Google breaks Dutch privacy laws says watchdog

Chris Davies - Nov 28, 2013
Google breaks Dutch privacy laws says watchdog

Google‘s unified privacy policy and its sharing between services have seen it fall foul of another European country’s data protection rules, with Dutch authorities accusing the search giant of breaking the law. “Google spins an invisible web of our personal data, without our consent” the Dutch data protection authority said today, revealing that it has invited representatives to attend a hearing after which possible sanctions or other enforcement measures will be decided upon.

“​With its services, Google reaches almost every person in the Netherlands with internet access. It is almost impossible not to use Google services on the Internet” the Dutch investigation concluded. “Google does not adequately inform users about the combining of their personal data from all these different services. On top of that, Google does not offer users any (prior) options to consent to or reject the examined data processing activities. The consent, required by law, for the combining of personal data from different Google services cannot be obtained by accepting general (privacy) terms of service.”

It’s not the first time Google has come under fire over the way it handles privacy. The company billed the changes to its privacy policies as an actual advantage to users, condensing more than sixty individual policies for different services like Gmail, YouTube, and search, and replacing them with a single agreement written in more understandable terms.

The agreement also made clear how data could be shared between those services, potentially improving the overall experience. For instance, Google suggested, combining calendar awareness with Google Maps might allow users to see more appropriate traffic warnings given their likely destinations.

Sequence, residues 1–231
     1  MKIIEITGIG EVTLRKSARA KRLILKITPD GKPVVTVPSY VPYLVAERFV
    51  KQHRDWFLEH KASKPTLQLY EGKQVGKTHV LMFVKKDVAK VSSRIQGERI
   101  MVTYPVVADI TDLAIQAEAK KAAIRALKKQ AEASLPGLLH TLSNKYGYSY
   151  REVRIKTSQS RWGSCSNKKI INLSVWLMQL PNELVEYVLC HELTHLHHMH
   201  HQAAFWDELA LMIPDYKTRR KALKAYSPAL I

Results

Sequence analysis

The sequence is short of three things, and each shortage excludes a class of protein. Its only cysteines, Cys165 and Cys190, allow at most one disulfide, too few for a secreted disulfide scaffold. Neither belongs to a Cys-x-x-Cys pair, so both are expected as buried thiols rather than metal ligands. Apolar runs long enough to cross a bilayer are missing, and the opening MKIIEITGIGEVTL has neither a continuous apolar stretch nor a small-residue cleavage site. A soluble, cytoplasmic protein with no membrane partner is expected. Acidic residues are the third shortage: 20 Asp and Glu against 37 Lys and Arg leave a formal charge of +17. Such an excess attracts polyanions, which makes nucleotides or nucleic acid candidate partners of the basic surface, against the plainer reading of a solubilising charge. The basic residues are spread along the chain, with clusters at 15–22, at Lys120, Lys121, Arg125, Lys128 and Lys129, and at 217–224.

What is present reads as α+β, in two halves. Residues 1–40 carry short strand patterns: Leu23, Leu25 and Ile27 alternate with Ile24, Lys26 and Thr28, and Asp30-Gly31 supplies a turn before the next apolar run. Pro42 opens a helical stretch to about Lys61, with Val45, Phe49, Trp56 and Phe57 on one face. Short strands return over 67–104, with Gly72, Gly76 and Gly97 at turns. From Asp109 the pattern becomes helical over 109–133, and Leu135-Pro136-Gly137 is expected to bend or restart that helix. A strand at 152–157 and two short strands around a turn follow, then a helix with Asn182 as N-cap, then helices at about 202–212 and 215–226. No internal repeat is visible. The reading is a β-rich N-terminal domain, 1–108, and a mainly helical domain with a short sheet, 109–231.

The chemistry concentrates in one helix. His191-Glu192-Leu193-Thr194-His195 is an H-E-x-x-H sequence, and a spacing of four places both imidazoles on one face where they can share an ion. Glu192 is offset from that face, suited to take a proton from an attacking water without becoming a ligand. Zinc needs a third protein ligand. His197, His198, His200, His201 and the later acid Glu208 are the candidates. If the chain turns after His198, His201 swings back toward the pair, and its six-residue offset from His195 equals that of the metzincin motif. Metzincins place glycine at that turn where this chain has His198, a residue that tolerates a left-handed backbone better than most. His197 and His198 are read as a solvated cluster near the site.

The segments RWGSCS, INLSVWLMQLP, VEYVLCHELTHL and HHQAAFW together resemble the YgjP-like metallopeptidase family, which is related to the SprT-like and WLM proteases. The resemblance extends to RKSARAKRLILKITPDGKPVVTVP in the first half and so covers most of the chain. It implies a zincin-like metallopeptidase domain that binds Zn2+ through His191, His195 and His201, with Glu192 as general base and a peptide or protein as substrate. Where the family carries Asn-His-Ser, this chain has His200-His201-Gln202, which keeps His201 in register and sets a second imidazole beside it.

That combining of user information was, Google insisted, something that had been permitted under the previous versions of the policies, but was nonetheless latched upon by privacy advocates. Widespread criticism followed, culminating in the EU informing Google earlier this year that it must rewrite its policies or face sanctions.

Google maintains no wrongdoing has taken place, but says it will continue to work with Dutch authorities as the matter is hammered out. “We have engaged fully with the Dutch DPA throughout this process” a spokesperson said, “and will continue to do so going forward.”

Meanwhile, the company is believed to be working on an alternative system to tracking cookies that might alleviate some of the concerns. Known as AdID, the system would supposedly have more options for blocking adverts and adjusting what sort of content was shown, as well as automatically resetting on a yearly basis.


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